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West Texas A&M University (2019)

ENHANCING PRODUCER PROFITABILITY WITH VEGETABLE PRODUCTION IN THE TEXAS HIGH PLAINS

Boychuk, Mandi L

Titre : ENHANCING PRODUCER PROFITABILITY WITH VEGETABLE PRODUCTION IN THE TEXAS HIGH PLAINS

Auteur : Boychuk, Mandi L

Université de soutenance : West Texas A&M University

Grade : Master of Science (MS) 2019

Résumé partiel
In the Ogallala Aquifer, the Texas High Plains’ primary water source, withdrawals continue to exceed the aquifer’s limited recharge. Producers are compensating with water-conserving production techniques such as transitioning to more efficient irrigation technology, implementing conservation tillage practices, reducing the amount of irrigation applied, and alternating the crops they plant. Given the current condition of the semi-arid region, alternative production methods are necessary to enhance farm profitability. One alternative being considered by producers is the production of high-value crops. High-value crops, including vegetables, can increase overall producer profitability. Initial project experiments have demonstrated the potential for viable vegetable production ; however, no studies exist to prove the economic viability of these crops in the Texas High Plains. This study analyzes the economic feasibility of producing high-value vegetables so producers may make an informed decision regarding the incorporation of vegetable production into their existing operation. This information will benefit not only producers faced with declining water availability but also small landowners considering more productive uses of their land. Tomatoes, jalapeño peppers, and sweet corn were produced in an open field at the USDA-ARS CPRL/Texas A&M AgriLife Vegetable Production Lab in Bushland, Texas using surface drip irrigation both with and without the use of black plastic mulch. Field production data including water use, labor hours, input costs, and yields were collected through personal communication with research faculty. Additional data were collected from the Texas A&M AgriLife Extension crop budgets, the United States Department of Agriculture’s Agriculture Marketing Service, the United States Department of Agriculture’s Economic Research Service, and a review of existing vegetable production literature. These data were compiled to create enterprise budgets including revenue, variable costs, fixed costs, and total profit for each vegetable with mulch and without mulch under surface drip irrigation, on a per-acre basis.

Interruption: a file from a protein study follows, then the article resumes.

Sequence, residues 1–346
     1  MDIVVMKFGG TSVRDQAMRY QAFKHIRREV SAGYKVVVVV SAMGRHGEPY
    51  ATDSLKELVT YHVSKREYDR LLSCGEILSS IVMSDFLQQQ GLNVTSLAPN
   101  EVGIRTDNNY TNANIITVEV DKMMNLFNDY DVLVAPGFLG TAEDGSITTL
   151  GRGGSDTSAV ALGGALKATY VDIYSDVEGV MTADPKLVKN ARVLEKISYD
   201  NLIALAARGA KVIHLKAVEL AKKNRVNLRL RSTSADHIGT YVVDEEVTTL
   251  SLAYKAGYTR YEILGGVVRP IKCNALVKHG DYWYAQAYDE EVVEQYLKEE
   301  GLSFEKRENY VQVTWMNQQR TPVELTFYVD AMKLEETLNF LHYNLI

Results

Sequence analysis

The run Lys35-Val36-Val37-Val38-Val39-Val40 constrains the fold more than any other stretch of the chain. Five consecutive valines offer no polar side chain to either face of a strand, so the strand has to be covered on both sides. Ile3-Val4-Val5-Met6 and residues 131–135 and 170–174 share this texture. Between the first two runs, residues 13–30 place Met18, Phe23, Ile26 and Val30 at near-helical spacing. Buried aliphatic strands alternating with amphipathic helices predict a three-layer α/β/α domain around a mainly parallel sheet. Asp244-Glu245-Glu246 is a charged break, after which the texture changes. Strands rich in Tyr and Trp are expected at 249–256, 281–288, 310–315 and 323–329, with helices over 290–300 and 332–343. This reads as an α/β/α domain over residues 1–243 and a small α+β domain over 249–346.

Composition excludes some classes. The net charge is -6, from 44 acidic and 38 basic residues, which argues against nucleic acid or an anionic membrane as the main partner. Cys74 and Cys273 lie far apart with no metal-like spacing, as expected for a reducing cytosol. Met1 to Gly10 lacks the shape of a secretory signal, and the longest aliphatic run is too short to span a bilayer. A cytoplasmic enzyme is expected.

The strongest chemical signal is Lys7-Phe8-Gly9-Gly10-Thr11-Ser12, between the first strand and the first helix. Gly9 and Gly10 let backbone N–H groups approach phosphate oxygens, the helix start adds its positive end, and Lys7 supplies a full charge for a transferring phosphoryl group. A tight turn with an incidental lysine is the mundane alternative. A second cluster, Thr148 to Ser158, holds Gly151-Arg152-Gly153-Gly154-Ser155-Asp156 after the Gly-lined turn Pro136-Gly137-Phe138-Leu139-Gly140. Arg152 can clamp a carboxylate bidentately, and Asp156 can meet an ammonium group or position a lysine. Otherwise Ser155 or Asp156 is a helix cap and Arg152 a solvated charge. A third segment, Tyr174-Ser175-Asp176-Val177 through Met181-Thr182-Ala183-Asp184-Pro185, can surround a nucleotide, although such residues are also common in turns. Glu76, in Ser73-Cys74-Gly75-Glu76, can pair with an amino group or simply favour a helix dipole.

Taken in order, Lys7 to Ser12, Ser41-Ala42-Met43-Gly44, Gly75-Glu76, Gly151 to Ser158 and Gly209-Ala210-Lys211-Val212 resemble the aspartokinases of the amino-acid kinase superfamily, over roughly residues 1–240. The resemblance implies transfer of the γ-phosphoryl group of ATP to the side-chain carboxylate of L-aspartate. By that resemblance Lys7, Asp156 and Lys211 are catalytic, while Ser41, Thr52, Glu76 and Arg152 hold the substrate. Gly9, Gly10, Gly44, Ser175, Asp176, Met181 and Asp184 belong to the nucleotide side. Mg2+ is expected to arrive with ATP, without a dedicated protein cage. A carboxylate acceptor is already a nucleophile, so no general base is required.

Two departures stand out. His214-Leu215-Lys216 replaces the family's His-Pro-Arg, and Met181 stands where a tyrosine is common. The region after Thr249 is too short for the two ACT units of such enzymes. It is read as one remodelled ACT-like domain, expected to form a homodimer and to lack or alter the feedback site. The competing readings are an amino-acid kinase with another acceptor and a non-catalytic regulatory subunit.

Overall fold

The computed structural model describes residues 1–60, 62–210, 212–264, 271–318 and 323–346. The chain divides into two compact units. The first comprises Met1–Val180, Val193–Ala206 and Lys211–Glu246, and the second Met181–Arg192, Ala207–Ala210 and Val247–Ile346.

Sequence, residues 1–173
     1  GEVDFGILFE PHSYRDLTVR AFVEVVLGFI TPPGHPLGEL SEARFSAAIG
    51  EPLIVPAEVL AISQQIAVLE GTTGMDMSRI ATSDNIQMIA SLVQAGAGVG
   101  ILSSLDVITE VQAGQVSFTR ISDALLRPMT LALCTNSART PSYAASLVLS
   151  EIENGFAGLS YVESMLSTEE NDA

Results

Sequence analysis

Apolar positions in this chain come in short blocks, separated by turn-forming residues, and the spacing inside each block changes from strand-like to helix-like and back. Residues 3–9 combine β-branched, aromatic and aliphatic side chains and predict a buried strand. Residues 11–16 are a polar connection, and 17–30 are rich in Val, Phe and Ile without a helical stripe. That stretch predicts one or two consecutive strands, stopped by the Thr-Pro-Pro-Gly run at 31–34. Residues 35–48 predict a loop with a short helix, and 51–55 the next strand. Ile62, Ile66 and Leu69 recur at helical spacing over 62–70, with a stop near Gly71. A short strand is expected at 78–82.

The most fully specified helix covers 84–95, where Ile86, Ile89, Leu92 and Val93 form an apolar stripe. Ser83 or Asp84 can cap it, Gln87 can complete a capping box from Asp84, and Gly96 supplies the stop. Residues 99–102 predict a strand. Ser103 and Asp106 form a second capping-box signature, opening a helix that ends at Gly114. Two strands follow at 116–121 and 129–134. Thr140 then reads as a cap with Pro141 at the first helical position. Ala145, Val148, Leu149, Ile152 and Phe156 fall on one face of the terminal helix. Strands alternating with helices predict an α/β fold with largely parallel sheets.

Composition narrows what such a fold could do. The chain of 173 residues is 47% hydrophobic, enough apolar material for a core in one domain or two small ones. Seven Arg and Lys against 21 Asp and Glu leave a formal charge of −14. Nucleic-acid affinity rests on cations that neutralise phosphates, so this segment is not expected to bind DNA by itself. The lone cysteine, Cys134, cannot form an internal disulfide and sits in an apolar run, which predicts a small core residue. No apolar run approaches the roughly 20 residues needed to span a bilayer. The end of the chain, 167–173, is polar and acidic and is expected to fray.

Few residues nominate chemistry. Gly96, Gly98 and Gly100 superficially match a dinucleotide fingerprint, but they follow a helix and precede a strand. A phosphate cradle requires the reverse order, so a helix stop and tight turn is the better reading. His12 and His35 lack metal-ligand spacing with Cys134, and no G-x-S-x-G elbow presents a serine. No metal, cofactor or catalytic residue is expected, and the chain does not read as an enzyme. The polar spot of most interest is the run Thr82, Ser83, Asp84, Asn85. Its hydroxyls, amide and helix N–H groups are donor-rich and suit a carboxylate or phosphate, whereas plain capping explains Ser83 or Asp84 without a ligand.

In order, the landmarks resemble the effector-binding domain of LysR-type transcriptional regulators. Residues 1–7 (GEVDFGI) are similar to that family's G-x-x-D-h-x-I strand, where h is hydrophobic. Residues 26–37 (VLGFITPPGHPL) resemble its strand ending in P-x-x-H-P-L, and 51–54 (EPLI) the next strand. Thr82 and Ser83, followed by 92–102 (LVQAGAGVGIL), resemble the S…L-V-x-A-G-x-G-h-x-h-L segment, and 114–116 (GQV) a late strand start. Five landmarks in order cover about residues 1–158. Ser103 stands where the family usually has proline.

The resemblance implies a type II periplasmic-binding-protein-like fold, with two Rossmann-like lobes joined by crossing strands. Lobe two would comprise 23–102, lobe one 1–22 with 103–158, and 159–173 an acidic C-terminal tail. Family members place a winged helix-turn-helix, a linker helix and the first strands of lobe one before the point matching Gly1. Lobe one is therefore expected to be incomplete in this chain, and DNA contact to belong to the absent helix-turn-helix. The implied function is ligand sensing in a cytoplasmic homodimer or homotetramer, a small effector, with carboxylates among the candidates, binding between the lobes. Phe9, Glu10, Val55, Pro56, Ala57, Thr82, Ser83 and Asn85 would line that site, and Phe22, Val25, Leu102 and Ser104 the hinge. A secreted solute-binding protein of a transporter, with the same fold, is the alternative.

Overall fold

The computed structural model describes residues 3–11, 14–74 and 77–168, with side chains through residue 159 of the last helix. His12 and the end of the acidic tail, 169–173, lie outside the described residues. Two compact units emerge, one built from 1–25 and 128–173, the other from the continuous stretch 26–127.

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Page publiée le 25 mai 2021